Pencil is a tool used basically for writing or drawing. Pencils are encased in wood. They are made of a mixture of clay and graphite and their darkness varies from light grey to black. Pencils are available in various attractive designs and colours, but the inside part of pencil is the same which is called graphite or lead. Can you think of any other use of lead?
Dalton Ghetti is a 45-year-old Bridgeport resident who has been carving sculptures into pencil lead, without the aid of a magnifying glass, for 25 years. He has about a dozen works that have been framed and almost as many waiting to be mounted for display. He has created a line of 26 pencils, with each letter of the alphabet carved into the tip. His current projects include a handsaw and a single rice-grain-sized teardrop for every victim of the Sept. 11 terrorist attacks.
Anyone who has seen a completed work won’t be surprised to hear that a project will take a decade. Mr. Ghetti often takes years to complete pieces, especially since pencil carving is only a hobby, along with camping and coaching volleyball at the Westport Y.M.C.A. He sells postcards and posters of his art (pieces are not for sale), but his main income comes from carpentry.
Mr. Ghetti started carving tree bark when he was a child and experimented with everything from soap to chalk before settling on graphite. It’s second nature now, and for 90 percent of his work, all he needs is a sewing needle, a razor blade and a carpenter’s or No. 2 pencil.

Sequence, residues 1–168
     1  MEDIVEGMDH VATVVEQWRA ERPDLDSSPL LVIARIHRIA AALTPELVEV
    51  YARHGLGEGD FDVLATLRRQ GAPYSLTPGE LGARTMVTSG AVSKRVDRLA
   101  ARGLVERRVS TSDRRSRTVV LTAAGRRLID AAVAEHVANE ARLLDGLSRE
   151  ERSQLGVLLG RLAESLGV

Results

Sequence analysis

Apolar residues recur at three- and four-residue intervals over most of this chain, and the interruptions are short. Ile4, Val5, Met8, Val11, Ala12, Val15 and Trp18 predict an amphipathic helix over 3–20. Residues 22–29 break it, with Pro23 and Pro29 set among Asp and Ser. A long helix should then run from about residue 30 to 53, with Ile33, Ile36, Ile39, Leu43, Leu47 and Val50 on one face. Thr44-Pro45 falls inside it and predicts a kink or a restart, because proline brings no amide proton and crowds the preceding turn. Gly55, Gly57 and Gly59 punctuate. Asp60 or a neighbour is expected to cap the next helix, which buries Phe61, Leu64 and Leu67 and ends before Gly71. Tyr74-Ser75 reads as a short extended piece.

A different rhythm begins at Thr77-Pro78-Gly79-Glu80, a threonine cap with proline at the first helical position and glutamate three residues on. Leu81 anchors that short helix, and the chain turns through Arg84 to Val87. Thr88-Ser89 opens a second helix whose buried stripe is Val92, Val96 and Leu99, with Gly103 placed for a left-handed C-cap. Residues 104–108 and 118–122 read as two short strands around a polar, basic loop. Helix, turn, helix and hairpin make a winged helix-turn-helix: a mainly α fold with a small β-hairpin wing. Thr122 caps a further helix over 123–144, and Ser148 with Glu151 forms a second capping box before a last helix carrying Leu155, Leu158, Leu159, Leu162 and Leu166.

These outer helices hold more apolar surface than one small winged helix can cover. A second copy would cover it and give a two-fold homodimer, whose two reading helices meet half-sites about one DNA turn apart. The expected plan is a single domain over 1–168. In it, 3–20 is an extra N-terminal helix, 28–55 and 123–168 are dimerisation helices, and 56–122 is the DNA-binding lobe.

“The pencil tip is great; it’s like a pure, very homogenous material,” he said. “It cuts in the same direction, not like wood, which has a grain. But when I tell people how long it takes, that’s when they don’t believe it. That’s what amazes people more, the patience. Because everything nowadays has to be fast, fast, fast.”
“At school Dalton always sharpened pencils by hand, and would sometimes peel the paint from the pencil and carve intricate designs into the wood. He noticed that a good blade cuts through both the wood and through the graphite, leaving behind a nice flat and shiny surface. He began working on them until they were perfectly round and cone shaped, then removed more wood as the graphite started to become part of the carvings. He had found the perfect material for his miniature sculptures.”
Read more at 'NY Times': Finding the Art in a Pencil Tip